Goodbye, Gustav

Yesterday my brother in Japan emailed me to say that he’d been following my blog to find out whether he needed to be worried about us with regard to Gustav. “If you don’t post tomorrow, of course, I will assume the worst!” he wrote. In my reply, I pointed out that if I couldn’t walk, I’d have nothing (theoretically) to post about.

Indeed, I haven’t walked today, and although I have postponed posting until it seemed the storm was “over,” Gustav has not provided much fodder one way or another. As expected, its effects were felt mostly west of here, and fortunately New Orleans seems to have been spared the brunt of it, and even Morgan City, Louisiana, doesn’t seem to have been brutally impacted by the storm, which had been downgraded to Category 2 by the time it made landfall around midday today.

Here we’ve had some wind and some rain. My husband just emptied the rain gauge; it was filled up to the last calibration mark, which is at 5″, so we have already gotten more rain than from T.D. Fay. As for the wind, we have no anemometer, but my husband’s criterion is the number of “giblets” of oak tree we have blown down in the back yard—bunches of foliage torn off by the wind. Even an ordinary heavy rain will bring down dead wood, but it takes a pretty strong wind to rip off these small branches of live foliage, and there are essentially none today.

We were very aware of the rain “bands.” Although I’d hoped for a rainy, windy night (good for sleeping), the first rain arrived about 6 a.m. It has continued off and on all day. Whenever it cleared enough to encourage us to go out for a walk (me) or run (my husband), we would turn around and find it raining again, often with heavy rain blown sideways by the wind. So I haven’t been out, even to reconnoiter (I suppose I could go out in the car, but that seems like cheating).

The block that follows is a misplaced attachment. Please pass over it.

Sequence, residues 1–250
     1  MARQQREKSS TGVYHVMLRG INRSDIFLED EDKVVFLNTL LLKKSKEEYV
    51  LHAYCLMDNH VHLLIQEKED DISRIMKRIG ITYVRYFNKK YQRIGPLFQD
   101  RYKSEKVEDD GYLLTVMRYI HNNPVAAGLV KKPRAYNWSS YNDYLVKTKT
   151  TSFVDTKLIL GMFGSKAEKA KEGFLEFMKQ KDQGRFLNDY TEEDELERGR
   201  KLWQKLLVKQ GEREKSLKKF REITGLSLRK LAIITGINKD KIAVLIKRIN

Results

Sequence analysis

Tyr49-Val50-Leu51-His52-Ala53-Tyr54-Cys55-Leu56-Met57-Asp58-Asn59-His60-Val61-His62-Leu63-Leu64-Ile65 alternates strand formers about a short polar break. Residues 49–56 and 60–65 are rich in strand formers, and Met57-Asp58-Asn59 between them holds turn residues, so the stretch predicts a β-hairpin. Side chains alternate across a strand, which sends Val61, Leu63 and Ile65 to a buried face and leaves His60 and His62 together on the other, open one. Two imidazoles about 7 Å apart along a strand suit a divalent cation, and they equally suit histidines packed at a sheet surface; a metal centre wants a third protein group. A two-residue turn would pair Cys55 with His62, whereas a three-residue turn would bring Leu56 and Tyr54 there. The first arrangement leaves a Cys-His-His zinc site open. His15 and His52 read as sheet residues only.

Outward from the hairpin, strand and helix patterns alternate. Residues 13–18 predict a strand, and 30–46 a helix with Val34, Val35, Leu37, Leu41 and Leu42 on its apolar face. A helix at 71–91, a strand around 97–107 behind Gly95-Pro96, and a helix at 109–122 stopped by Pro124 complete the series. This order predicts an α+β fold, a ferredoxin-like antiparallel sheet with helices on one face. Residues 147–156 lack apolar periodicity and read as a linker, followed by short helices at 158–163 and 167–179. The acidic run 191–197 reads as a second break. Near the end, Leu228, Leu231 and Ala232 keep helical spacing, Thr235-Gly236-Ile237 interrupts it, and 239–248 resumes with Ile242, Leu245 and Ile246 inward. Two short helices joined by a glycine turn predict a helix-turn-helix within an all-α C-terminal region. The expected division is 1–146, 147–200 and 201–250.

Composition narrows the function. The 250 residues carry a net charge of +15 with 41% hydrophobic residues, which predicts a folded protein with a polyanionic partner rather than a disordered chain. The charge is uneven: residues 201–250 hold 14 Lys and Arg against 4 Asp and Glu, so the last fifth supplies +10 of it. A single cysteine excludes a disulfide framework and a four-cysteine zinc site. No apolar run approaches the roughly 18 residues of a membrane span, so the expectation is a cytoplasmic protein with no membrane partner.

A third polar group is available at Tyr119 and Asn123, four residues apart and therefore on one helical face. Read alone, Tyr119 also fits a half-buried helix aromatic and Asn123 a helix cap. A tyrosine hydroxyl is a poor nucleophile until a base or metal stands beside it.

I haven’t done much else, either. The worst thing about these storms is the combination of restlessness and lethargy they engender. This is especially noticeable when there’s an actual threat. And of course when we lose power, there’s an excuse for goofing off. I’ve had no such excuse today, yet I’ve still accomplished little. Admittedly, it’s a holiday (Labor Day in the United States), but that doesn’t mean I don’t have work to do. Since I’m also a procrastinator of the first rank, however, I’ve managed to rationalize putting it off till tomorrow (it helps that I did a lot of tomorrow’s work yesterday, in a fit of similar restlessness).

I should mention that the effects of the storm have not been entirely unnoticeable here. Some of the effects that we would really not have predicted were these:

1.    It being the end of the month, my husband made it a point to write checks to pay all the bills before we went out for milk yesterday so we could take them to the post office on the way (even though we know they won’t go out till Tuesday, it seemed prudent to get them that far while we could). When we got there (about 2 p.m.), we found the post office lobby closed. I suspect the USPS will get some uncomfortable feedback from boxholders who couldn’t access their post office boxes because the post office had been secured against the storm.

2.    At 2 p.m. yesterday, our local public radio station stopped playing classical music and switched over to the audio feed from the local television station with which they partner (which of course had preempted all regular programming in order to cover the storm). Since all listeners within their broadcast area surely still had power and could have gotten this same audio and video from the television station itself, this seemed like overkill. Presumably WHIL had to let their staff go, but this was just insane.

3.    Coverage of the storm on the Weather Channel was interrupted by the “morons” (my husband’s term) at our local cable system, who broke into useful programming to put up DOS-style screens announcing local tornado warnings (instead of just using a crawl at the bottom of the screen).

Well, I guess that’s it from here for now—back to normal tomorrow!

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